Should We Be Interested In 'Saving' Any Industry?

from the forward-or-backwards dept

We hear it all the time, whenever anyone talks about an industry being "destroyed" by new technologies: "how do we save x industry?" where "x" can stand for "recording" or "news" or "movies" or whatever. We saw it just recently when a professor wanted to "save" the newspaper industry by changing copyright law in ridiculous ways. It's also why we jokingly called our last event "Techdirt Saves* Journalism." The whole concept of "saving" an industry is so preposterous, which is why we wanted to mock it with the title of our event. I was reminded of this when reading this recap of the Association for Education in Journalism and Mass Communication (AEJMC) event, where Dan Gillmor was quoted saying:
"I'm not even slightly interested in saving the industry."
And it got me thinking about understanding the mindset of "saving" an industry more deeply. The truth is, whenever anyone seriously (not mockingly) refers to "saving" an industry, invariably, they're really talking about saving a few legacy companies in that industry from whatever disruptive innovation is shaking things up. It's never actually about "saving an industry," because the "industry" almost never actually needs to be saved. The industry may be in the process of being changed (often radically), but that's not the same thing as needing saving.

What's telling is that, through all of this, you almost never hear start-ups talking about asking for help trying to "save the industry" that they're in. That's because they know "the industry" is just fine, and in all of the upheaval there's really tremendous opportunity. So, anytime anyone talks seriously about "saving" any particular industry, challenge them on what they really mean, and see if they're actually just talking about saving a few companies, rather than saving an actual "industry."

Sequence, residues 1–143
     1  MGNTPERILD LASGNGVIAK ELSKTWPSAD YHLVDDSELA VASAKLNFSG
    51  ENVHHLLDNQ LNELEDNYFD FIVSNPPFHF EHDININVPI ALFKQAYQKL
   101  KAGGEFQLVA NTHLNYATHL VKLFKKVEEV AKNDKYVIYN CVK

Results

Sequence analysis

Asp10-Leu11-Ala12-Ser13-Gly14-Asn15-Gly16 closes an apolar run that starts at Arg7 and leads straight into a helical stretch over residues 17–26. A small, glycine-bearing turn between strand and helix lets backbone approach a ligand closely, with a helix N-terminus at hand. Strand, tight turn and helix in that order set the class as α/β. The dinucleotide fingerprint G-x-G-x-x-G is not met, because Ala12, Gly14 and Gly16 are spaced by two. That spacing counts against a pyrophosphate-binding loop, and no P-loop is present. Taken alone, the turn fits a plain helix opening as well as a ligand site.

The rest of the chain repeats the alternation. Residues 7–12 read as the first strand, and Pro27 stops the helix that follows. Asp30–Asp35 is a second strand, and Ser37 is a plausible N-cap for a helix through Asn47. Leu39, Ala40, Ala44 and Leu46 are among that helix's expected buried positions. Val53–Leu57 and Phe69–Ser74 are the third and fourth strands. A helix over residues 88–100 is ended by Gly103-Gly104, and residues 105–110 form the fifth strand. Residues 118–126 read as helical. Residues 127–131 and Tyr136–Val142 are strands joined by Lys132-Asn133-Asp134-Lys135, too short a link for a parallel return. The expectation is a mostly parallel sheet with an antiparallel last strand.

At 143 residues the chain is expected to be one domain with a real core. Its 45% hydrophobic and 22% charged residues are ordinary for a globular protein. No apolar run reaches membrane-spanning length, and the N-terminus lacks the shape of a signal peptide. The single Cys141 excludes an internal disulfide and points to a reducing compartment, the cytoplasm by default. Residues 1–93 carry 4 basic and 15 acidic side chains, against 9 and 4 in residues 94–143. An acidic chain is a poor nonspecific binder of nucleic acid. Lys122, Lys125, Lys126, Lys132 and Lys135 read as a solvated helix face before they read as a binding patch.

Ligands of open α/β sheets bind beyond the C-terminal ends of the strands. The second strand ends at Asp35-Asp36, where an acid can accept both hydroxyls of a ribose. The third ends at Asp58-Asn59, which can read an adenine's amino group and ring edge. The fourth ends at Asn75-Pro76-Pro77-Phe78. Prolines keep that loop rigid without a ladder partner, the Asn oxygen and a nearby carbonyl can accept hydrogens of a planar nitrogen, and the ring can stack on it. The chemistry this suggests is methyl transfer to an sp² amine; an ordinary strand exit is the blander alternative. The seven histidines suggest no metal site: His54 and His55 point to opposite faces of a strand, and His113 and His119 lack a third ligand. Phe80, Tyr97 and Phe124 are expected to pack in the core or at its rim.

Filed Under: industry, progress, protectionism, saving

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  1. icon
    Dark Helmet (profile), 20 Aug 2010 @ 9:43am

    Re: Re: Re: Where is this ride going to end?

    Actually discussed some of the pitfalls of voice recognition software in Echelon:

    "But if the congruent character malfunction was a serious impedance for software designed to interpret the written word, programmers generally agreed that it made automated voice recognition software a downright impossibility. You could multiply all the common fonts in type written language several times and not come close to the amount of accents, colloquialisms, and minor inflections that regularly occurred in everyday human speech. How would a language recognition program, somewhat adept at discerning the intricacies of the written word, make similar differentiations between modulated speech patterns? The answer was that it couldn’t.

    Take a relatively simple sentence: Can you all make it to the party tonight? Now transform that sentence phonetically using different regional colloquialisms. A young man from Boston could say it, and it would come out Can yah all make it tah the pahty tahnight? Or an aged woman from Southern Texas: Kin ya’ll make it to der perty tonaht? Even failing to take into consideration the difference in syntax and other machinations that existed in entirely different languages, those differences made speech to data programming seemingly impossible."

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